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In describing a Galilean transformation, for example, one might say that if a reference frame $S'$ is moving at a velocity $\mathbf{u}$ with respect to $S$, then an object traveling at a velocity $\mathbf{v}$ in $S$ would be traveling at a velocity $\mathbf{v}'$ in $S'$, where $$\mathbf{v}' = \mathbf{v} - \mathbf{u}.$$ What, though, would it precisely mean for $S'$ to be moving at a velocity $\mathbf{u}$ with respect to $S$?

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It is easiest to simply consider $\mathbf{u}$ to be the velocity of the origin of $S’$ relative to the origin of $S$. Let $\mathbf{R}$ be the vector from the origin of $S$ to the origin of $S’$. Then $\mathbf{u}=d\mathbf{R}/dt$.

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  • $\begingroup$ But that doesn't express the implicit assumption that the reference frames aren't rotating with respect to each other. $\endgroup$ – PiKindOfGuy Apr 3 at 6:40
  • $\begingroup$ @PiKindOfGuy No. In my frame I can see your origin moving by me at some speed even if I take your frame to also be rotating about its origin. $\endgroup$ – Aaron Stevens Apr 3 at 10:00
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A frame of reference is a way of being able to location a point in space at a given time.
In the Cartesian coordinate system three perpendicular axes are drawn and the axes labelled $x, y$ and $z$.
Any point in space can therefore be represented by the coordinates $(x,y,z)$.
One point in space is chosen to be the origin with coordinates $(0,0,0)$.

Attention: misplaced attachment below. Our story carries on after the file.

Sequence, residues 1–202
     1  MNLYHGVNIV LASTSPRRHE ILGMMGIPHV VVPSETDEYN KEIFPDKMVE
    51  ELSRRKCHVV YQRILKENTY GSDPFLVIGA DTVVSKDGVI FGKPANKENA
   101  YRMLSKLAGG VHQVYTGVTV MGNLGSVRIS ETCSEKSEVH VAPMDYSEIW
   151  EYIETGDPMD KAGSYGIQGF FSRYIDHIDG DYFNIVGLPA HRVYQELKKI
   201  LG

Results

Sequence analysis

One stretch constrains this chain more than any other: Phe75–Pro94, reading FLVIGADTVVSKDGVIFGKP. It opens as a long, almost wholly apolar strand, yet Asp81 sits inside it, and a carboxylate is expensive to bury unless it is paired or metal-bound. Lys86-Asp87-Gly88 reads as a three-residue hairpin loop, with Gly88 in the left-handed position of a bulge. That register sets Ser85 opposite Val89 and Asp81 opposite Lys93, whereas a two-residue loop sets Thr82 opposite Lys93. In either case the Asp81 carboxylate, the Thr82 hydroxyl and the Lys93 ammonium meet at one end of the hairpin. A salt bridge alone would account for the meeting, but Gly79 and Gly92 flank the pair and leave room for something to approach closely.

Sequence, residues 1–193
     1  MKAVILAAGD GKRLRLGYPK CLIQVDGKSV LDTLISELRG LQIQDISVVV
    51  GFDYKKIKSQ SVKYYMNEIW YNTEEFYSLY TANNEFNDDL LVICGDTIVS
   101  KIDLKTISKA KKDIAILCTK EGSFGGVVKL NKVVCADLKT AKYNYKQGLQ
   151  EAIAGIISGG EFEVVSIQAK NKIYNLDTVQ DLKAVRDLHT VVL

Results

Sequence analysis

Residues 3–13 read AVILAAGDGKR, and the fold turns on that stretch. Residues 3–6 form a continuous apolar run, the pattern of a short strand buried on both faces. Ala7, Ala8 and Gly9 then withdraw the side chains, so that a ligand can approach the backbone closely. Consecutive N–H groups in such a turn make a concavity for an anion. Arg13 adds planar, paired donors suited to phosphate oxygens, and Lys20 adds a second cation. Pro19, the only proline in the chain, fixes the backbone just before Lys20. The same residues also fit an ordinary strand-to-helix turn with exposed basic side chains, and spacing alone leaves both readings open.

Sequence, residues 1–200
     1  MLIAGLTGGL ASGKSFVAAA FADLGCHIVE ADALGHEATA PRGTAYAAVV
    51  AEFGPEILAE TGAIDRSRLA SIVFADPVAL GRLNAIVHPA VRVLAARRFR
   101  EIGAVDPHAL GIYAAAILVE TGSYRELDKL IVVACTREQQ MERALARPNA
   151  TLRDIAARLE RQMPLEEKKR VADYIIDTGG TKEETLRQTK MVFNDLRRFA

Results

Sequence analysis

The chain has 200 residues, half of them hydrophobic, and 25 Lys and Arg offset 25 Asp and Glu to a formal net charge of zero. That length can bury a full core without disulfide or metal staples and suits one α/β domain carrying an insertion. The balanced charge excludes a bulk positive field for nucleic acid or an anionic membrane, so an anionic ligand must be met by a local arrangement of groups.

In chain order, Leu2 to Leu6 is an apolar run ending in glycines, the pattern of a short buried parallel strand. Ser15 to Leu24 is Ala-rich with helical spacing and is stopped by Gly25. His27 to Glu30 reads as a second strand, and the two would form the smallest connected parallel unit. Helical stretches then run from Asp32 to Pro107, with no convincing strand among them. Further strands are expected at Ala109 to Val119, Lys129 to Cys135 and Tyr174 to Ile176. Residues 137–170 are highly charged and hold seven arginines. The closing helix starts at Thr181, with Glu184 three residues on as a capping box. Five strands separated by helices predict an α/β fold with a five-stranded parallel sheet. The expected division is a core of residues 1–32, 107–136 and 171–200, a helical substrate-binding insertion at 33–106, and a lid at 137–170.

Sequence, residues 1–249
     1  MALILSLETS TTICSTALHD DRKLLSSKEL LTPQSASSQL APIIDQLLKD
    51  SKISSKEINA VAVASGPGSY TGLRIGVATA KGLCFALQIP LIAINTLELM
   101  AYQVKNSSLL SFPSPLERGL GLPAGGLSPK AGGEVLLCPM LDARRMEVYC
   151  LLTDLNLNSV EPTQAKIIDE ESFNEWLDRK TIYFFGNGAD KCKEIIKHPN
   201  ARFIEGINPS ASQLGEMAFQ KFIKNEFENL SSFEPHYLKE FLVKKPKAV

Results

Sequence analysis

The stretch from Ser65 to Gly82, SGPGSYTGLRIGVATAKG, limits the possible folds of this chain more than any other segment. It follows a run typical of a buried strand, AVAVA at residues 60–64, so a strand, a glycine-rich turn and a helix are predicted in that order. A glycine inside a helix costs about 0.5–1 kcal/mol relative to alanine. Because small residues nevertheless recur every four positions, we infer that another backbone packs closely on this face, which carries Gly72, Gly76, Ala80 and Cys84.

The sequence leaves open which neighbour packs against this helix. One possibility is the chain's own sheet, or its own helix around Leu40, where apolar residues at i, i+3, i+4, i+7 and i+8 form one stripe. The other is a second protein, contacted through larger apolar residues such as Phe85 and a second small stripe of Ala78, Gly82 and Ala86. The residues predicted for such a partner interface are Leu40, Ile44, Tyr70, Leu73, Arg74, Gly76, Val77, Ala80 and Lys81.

There are an infinite number of such reference frames.

Let reference frame $S$ have an origin with coordinates $(0,0,0)$.

Suppose that another point in space is chosen as the origin with coordinates $(0',0',0')$ and any other point would be represented by coordinates $(x',y',z')$.
This defines reference frame $S'$.

For ease of drawing I switch to two dimensions.

enter image description here

It so happens that the point with coordinates $(0',0')$ using reference frame $S'$ is moving at a constant velocity $\vec u = u\,\hat u$ relative to the point with coordinates $(0,0)$ using reference frame $S$.

After a certain time let the point with coordinates $(0',0')$ using reference frame $S'$ undergo a displacement of $a \,\hat u$ as measured using reference frame $S$.

During that same time interval points on the axes with coordinates $(3,0), (2,0) \,.\,.(0,2) \,.\,.$ etc using reference frame $S'$ all undergo the same displacement, $a\, \hat u$, as measured using reference frame $S$.

We can say that reference frame $S'$ (the axes $x',\, y'$ and $z'$) is moving at a velocity $\vec u$ relative to reference frame $S$ (the axes $x,\, y$ and $z$).
Think of two sheets of graph paper, labelled $S$ and $S'$, with axes drawn on them moving at a constant velocity relative to one another.

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A Galilean transformation is a mapping of spacetime co-ordinates $(x,y,z,t)$ from one system of co-ordinates (a.k.a. "reference frame") to another. It describes how the spacetime co-ordinates for a given point in spacetime (a.k.a. an "event") change when we move from one reference frame to another.

If an event has co-ordinates $(x,y,z,t)$ in reference frame $S$ and co-ordinates $(x',y',z',t')$ in reference frame $S'$ which is related to $S$ by a Galilean transformation then

$(x',y',z',t') = (x-u_xt, \space y-u_yt, \space z-u_zt, \space t)$

where the fixed parameters $(u_x,u_y,u_z)$ are the co-ordinates of a 3-vector $\mathbf{u}$ which is called the "velocity" of $S'$ with respect to $S$.

A physical interpretation of this is that the origin of the co-ordinates in $S'$ is moving at a fixed velocity $\mathbf{u}$ relative to the origin in $S$.

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